Malu is based on the story of my own mother, Malu Rocha (1947–2013), an actress herself. And her influence on my artistic career is gigantic. The first “serious” film I watched, at the age of six, was Kurosawa’s Seven Samurai, which my mother got a dubbed copy of so I could watch. Throughout my childhood and adolescence, she always nourished me with books and films. However, we had a very difficult relationship, and at the end of her life she went through particularly difficult moments. These moments are portrayed in the film, a family drama.

In terms of cinema, my biggest influence on this film is John Cassavetes. I’ve been in love with his cinema since I was 18, when I watched Faces for the first time in a street movie theater in Rio de Janeiro. At that moment, I understood that my path would be to direct films with strong work on the script and with the actors. Many years later, Malu, my first feature film as a director, was rehearsed using some of Cassavetes’ techniques.

Filmmaker Pedro Freire addresses the audience at the January 21 premiere of “Malu” at Prospector Square Theatre in Park City. (Photo by Robin Marshall/Shutterstock for Sundance Film Festival)

Why does this story need to be told now?

I believe that we live in a particular moment in the history of humanity, in which ideological polarization has reached dangerous extremes, both for democracy and, ultimately, for the very survival of the human species. Malu talks about the attempt to live with these ideological differences, at the same time that it has a protagonist who is a survivor of an authoritarian past in my country, a situation that could happen again in Brazil or anywhere else in the world. We need to fight for democracy, now more than ever.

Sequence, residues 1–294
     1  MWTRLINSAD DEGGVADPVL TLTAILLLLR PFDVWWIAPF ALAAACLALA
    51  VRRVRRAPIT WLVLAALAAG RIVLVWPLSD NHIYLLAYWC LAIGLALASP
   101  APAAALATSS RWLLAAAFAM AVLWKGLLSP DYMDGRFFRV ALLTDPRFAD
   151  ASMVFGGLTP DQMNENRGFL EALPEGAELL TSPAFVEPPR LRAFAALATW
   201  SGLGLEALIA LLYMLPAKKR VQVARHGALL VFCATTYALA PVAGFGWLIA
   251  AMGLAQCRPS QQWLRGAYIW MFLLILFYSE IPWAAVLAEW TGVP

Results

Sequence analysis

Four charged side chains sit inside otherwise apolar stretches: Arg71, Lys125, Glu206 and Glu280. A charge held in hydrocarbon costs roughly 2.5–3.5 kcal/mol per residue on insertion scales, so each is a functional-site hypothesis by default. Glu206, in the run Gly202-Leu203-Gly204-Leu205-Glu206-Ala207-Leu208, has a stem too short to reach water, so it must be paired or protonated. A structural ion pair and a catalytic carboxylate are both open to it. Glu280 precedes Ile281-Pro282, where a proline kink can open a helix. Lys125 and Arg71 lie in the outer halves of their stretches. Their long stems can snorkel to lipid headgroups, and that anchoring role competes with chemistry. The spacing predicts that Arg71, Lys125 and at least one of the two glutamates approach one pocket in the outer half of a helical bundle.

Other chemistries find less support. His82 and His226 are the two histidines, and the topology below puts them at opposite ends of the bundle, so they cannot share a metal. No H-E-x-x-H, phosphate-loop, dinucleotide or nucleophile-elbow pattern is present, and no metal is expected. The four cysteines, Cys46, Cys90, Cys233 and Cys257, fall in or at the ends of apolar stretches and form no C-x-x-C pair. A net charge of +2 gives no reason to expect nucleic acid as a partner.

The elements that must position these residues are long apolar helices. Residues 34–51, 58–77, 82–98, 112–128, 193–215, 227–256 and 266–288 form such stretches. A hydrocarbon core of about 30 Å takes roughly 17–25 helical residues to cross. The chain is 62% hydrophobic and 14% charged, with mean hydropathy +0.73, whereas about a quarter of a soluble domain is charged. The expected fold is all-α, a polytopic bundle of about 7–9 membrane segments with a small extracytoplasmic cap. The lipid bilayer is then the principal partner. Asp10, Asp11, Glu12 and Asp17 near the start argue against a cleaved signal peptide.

Tell us an anecdote about casting or working with your actors.

For five years I worked on the film’s script with an actress in mind for the protagonist. She had always been linked to the project, since the first synopsis. Literally two months before we started filming, she became deeply ill, and we had to change the lead actress in the film — just a month before we started rehearsals. During all this time, I always had in my head that Yara de Novaes, one of the greatest actresses in our theater, could play the role very well, and at that moment I got in touch with her and luckily she could and wanted to play the role. Today, with the film ready, I can say that the exchange couldn’t be better.

Your favorite part of making the film? Memories from the process?